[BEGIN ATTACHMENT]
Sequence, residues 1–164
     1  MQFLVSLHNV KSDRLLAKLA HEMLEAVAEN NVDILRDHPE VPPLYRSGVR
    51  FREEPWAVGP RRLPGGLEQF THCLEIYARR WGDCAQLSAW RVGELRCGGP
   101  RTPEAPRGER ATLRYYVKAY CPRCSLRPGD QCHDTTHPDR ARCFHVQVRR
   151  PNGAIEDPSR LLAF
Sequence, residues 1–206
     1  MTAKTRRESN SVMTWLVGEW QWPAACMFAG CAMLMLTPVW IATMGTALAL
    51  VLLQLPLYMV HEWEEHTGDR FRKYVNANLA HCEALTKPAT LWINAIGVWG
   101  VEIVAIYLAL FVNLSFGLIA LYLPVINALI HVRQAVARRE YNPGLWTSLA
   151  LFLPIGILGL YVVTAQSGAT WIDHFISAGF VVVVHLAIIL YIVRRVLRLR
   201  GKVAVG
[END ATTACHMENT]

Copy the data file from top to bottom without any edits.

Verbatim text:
Sequence, residues 1–164
     1  MQFLVSLHNV KSDRLLAKLA HEMLEAVAEN NVDILRDHPE VPPLYRSGVR
    51  FREEPWAVGP RRLPGGLEQF THCLEIYARR WGDCAQLSAW RVGELRCGGP
   101  RTPEAPRGER ATLRYYVKAY CPRCSLRPGD QCHDTTHPDR ARCFHVQVRR
   151  PNGAIEDPSR LLAF
Sequence, residues 1–206
     1  MTAKTRRESN SVMTWLVGEW QWPAACMFAG CAMLMLTPVW IATMGTALAL
    51  VLLQLPLYMV HEWEEHTGDR FRKYVNANLA HCEALTKPAT LWINAIGVWG
   101  VEIVAIYLAL FVNLSFGLIA LYLPVINALI HVRQAVARRE YNPGLWTSLA
   151  LFLPIGILGL YVVTAQSGAT WIDHFISAGF VVVVHLAIIL YIVRRVLRLR
   201  GKVAVG